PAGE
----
Get local news delivered straight to your phone

We can't make City Paper without you

$
$
$

Your contribution is appreciated.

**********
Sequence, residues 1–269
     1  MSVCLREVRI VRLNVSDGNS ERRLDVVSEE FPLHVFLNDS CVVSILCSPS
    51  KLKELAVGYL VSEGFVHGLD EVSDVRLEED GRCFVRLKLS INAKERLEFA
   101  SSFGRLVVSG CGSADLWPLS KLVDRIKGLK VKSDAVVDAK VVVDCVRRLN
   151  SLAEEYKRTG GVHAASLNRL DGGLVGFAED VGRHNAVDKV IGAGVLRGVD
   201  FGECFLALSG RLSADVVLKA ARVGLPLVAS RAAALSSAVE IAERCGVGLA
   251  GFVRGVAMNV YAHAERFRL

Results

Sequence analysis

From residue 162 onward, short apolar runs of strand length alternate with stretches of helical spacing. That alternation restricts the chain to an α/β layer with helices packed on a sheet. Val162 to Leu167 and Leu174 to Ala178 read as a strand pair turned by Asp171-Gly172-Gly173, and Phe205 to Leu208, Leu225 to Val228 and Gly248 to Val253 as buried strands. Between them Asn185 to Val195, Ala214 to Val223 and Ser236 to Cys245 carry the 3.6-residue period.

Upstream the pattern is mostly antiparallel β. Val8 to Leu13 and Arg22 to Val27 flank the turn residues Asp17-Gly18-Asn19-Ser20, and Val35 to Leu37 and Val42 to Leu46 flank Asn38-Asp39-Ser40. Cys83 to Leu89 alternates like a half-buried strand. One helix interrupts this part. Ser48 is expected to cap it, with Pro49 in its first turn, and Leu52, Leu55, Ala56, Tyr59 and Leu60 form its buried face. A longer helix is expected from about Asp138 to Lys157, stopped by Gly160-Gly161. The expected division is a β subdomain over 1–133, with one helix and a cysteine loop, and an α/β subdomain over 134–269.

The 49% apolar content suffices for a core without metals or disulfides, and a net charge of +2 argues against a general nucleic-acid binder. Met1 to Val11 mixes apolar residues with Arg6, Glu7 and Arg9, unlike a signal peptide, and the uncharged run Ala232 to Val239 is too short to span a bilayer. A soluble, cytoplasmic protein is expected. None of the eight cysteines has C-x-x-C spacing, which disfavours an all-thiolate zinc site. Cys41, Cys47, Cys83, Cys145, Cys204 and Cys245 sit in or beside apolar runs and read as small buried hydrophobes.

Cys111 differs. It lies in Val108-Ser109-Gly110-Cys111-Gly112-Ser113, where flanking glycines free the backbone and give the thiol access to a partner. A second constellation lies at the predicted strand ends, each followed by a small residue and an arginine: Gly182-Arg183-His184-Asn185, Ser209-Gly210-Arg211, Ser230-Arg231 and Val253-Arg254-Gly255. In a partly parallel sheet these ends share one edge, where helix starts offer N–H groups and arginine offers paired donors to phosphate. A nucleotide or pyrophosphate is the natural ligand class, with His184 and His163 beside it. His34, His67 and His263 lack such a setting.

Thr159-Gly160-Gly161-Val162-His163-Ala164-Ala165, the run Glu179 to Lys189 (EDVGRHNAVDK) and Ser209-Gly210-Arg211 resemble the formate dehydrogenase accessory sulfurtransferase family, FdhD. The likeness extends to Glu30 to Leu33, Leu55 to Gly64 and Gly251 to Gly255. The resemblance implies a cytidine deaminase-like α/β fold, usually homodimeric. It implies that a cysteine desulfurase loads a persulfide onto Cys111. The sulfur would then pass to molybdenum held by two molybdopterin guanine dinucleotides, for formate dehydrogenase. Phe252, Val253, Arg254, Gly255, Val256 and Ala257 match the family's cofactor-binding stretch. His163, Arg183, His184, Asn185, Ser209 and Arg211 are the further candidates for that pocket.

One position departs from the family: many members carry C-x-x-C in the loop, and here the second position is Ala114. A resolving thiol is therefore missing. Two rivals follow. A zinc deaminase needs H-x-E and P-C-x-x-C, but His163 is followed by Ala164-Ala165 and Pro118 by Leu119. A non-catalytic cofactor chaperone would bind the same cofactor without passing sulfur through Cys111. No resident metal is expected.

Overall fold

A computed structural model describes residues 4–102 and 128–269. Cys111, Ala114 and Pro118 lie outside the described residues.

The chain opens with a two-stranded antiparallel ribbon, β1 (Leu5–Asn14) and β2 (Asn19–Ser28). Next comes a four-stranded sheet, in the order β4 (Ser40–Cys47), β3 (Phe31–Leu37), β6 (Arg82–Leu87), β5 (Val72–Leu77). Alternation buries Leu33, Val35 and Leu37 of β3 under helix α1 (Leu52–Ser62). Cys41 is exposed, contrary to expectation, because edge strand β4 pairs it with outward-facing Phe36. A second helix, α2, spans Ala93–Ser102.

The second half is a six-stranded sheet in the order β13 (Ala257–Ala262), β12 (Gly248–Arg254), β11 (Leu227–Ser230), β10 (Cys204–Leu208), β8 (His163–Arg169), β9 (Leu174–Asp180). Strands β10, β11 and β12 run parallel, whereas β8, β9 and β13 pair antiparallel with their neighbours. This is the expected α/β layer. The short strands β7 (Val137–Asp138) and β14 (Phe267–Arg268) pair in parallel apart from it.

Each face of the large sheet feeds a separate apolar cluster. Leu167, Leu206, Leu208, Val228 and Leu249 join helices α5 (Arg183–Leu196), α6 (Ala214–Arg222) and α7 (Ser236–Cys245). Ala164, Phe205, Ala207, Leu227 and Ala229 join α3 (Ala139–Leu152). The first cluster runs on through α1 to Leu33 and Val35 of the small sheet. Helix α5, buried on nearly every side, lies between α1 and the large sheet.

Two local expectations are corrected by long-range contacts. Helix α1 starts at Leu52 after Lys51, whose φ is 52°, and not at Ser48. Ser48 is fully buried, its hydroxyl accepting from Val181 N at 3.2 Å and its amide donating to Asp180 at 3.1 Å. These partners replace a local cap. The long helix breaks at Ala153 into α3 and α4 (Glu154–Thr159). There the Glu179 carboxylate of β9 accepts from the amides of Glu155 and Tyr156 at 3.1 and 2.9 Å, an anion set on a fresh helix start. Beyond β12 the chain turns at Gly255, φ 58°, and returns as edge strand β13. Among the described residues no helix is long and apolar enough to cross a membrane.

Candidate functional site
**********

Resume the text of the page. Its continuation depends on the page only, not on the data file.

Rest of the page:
Even the bad guys no longer take Michael Douglas seriously. About halfway through Don’t Say a Word, after Douglas’ Dr. Conrad turns from soft, Land Rover-driving psychiatrist into angry, improbable action hero, his sudden tough talk makes him look as foolish as if he’d married a woman half his age. Conrad, menacingly: “When they’re done with us, they’ll be done with you!” Bad guy, dismissively: “Just keep walking.” Conrad’s white-collar world is turned upside down when a band of thieves kidnaps his daughter, Jessie (Skye McCole Bartusiak), and tasks him with retrieving a number from the mind of his catatonic patient Elisabeth (perfectly creepy Brittany Murphy). (The kidnappers, somehow sharp enough to target Conrad immediately after his brief initial meeting with Elisabeth, have inexplicably been waiting 10 years for this information, which will lead them to a precious jewel.) Given a deadline of 5 p.m. the day his daughter is discovered missing, Conrad makes miraculous progress with the patient who’s been in and out of hospitals since she was 8, when she witnessed her dad’s murder by the same crooks. Another just-barely related storyline involves hardworking Detective Cassidy (Jennifer Esposito, looking slightly less trashy than usual), who’s investigating the appearance of a couple of beaten-up bodies that have washed ashore, apparently mangled at the hands of, you guessed it, those busy jewel thieves/kidnappers/purveyors of torture. Don’t Say a Word has its share of bad-movie touches—an ominous windshield reflection of a Bart Simpson parade float, Jessie’s favorite; a parodic exchange when father and daughter meet again: “Daddy?” “Jessie?” “Daddy?” “Jessie?”—as well as a plot that appears slick only if you don’t ask too many questions. But the gritty blues and grays of each respectably tense action sequence, anchored by Murphy’s disturbing performance in a role that could have easily turned into a joke, help transform the film into a watchable-enough psychological thriller. —Tricia Olszewski